Appellant: Carrie Buck
Appellee: Dr. J. H. Bell
Appellant's Claim: That Virginia's eugenic sterilization law violated Carrie Buck's right to equal protection of the laws and due process provided by the U.S. Constitution's Fourteenth Amendment.
Chief Lawyers for Appellant: Irving Whitehead
Chief Lawyers for Appellee: Aubrey E. Strode
Justices for the Court: Louis D. Brandeis, Oliver Wendell Holmes, James Clark McReynolds, Edward T. Sanford, Harlan F. Stone, George Sutherland, William H. Taft, Willis Van Devanter
Justices Dissenting: Pierce Butler
Date of Decision: May 2, 1927
Decision: Upheld as constitutional Virginia's compulsory sterilization of young women considered "unfit [to] continue their kind."
Significance: Virginia's law served as a model for similar laws in thirty states, under which 50,000 U.S. citizens were sterilized without their consent. During the Nuremberg war trials following World War II (1939–45) , German lawyers cited the decision as a precedent for the sterilization of two million people in its "Rassenhygiene" (race hygiene) program. U.S. sterilization programs continued into the 1970s.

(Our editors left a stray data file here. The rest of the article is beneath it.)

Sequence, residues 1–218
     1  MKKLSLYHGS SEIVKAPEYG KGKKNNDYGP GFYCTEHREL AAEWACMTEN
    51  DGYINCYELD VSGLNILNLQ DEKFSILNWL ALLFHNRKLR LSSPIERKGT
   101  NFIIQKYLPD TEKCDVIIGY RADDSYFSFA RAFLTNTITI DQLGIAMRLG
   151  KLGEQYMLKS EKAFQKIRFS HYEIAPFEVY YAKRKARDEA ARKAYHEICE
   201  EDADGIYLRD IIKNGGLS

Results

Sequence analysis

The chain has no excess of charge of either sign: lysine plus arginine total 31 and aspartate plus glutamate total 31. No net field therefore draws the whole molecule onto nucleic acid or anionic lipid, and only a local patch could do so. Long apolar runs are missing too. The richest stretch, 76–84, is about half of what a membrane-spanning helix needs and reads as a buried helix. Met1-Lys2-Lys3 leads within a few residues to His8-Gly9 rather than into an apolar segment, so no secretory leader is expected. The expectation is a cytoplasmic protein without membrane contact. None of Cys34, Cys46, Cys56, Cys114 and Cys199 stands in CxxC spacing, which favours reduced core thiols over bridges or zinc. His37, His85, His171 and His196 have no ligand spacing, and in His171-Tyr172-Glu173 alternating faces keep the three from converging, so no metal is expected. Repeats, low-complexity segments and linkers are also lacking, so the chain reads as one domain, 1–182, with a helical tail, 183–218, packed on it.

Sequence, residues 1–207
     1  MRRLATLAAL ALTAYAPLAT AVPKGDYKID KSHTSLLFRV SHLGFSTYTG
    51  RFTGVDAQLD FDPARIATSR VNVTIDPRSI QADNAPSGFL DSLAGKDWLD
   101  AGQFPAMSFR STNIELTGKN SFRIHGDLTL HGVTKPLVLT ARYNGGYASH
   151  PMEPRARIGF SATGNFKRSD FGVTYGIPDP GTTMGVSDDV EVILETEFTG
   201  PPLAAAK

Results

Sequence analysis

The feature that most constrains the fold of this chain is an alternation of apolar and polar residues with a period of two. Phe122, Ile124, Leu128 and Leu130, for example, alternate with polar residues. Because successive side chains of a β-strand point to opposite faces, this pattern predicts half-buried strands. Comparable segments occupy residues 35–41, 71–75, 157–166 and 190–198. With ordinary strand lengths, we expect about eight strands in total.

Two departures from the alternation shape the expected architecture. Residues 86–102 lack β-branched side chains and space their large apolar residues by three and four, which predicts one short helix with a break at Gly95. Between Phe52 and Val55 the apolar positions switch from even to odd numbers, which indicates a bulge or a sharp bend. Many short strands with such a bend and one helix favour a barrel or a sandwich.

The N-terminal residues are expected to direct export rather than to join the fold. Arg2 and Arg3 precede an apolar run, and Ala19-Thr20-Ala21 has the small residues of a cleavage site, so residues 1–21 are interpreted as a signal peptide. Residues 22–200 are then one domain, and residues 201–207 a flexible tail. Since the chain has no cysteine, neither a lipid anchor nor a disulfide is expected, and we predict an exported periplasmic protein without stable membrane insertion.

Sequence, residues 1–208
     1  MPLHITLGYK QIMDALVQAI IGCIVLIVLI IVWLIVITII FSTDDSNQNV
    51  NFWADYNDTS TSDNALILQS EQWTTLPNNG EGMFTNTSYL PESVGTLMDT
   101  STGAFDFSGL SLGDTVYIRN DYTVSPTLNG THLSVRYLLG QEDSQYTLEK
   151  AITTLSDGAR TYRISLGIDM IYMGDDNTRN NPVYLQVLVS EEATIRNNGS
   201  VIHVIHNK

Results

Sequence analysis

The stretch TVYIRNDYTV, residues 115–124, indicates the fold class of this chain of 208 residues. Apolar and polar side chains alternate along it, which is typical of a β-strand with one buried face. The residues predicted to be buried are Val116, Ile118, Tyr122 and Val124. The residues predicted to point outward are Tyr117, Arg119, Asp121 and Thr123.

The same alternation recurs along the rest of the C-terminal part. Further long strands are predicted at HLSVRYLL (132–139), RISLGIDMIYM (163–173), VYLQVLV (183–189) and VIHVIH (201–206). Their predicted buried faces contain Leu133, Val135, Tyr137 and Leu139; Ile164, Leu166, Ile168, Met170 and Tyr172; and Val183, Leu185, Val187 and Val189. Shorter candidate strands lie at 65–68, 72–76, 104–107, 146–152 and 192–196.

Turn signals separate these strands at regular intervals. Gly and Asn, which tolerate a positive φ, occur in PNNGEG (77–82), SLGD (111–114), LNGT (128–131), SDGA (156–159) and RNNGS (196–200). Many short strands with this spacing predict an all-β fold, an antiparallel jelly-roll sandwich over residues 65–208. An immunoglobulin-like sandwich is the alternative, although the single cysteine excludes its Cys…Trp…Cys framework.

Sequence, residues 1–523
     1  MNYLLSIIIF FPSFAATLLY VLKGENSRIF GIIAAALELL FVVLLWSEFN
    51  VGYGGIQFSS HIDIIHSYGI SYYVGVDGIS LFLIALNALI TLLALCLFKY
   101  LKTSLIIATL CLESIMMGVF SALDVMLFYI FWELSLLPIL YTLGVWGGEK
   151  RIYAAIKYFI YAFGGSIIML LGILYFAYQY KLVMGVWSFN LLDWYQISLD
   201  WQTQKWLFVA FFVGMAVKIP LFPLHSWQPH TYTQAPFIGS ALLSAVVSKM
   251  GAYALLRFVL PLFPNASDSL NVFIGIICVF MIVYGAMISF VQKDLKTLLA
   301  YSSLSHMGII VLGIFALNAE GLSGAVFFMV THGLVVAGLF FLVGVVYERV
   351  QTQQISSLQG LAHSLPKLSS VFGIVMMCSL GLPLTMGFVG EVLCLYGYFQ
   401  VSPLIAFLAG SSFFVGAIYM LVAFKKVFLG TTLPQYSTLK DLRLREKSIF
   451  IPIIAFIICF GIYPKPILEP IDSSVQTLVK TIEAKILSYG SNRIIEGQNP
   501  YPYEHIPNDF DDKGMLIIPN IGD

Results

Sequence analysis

In a 1927 letter written shortly after the Buck v. Bell decision, Supreme Court justice Oliver Wendell Holmes said, "One decision . . . gave me pleasure, establishing the constitutionality of a law permitting the sterilization [to make incapable of producing children] of imbeciles." "Imbeciles," "feebleminded," and "mental defectives" were harsh terms frequently used during the nineteenth and early twentieth centuries when referring to persons with mental retardation (MR). A fear of allowing persons with MR to have children grew from the eugenics movement in the late nineteenth century. Based on newly developing scientific theories concerning heredity, the movement sought to control mating and reproduction to improve both physical and mental qualities of the general human population. By the 1910s a scientific foundation for eugenics had accumulated data based on studies of generations of "mental defectives." Experts called for sterilization of the "feebleminded" as the best way to stop future generations of "mental defectives."
Consequently, personal decisions of the mentally retarded about becoming parents and raising children became increasingly subjected to government regulation. State laws were passed directing others to make these choices for them. Several state asylums (institutions housing persons with MR and other mental problems) began sterilizing their patients. By 1917 twelve states passed sterilization laws.
Central to the drive for population improvement through the eugenics movement and sterilization was Dr. Albert Priddy, superintendent of the State Colony for Epileptics and Feeble-Minded at Lynchburg, Virginia. During the 1910s, with encouragement of the colony's board of directors, Priddy sterilized some seventy-five to one hundred young...